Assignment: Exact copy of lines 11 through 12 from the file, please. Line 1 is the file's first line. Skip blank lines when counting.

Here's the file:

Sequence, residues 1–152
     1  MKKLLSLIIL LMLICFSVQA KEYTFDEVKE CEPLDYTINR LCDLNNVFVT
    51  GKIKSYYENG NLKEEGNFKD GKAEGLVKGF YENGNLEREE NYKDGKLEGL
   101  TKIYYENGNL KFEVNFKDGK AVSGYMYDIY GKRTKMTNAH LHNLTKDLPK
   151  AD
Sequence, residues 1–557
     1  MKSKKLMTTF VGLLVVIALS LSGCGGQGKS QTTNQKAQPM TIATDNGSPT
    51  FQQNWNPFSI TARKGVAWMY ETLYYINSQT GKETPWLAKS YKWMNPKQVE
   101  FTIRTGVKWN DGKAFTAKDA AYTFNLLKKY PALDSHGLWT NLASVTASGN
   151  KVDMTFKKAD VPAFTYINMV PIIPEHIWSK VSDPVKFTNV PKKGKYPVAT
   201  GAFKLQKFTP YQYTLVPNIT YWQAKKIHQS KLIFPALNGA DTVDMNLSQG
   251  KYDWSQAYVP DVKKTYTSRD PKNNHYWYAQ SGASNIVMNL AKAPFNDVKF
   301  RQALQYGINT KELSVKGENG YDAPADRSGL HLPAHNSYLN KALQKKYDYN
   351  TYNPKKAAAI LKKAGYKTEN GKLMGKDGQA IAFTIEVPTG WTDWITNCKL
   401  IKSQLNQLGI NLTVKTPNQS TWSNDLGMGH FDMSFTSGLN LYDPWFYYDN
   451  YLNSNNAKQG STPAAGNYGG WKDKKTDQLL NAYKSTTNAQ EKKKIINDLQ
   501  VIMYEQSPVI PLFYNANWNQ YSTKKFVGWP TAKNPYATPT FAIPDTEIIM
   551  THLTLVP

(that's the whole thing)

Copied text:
   201  GAFKLQKFTP YQYTLVPNIT YWQAKKIHQS KLIFPALNGA DTVDMNLSQG
   251  KYDWSQAYVP DVKKTYTSRD PKNNHYWYAQ SGASNIVMNL AKAPFNDVKF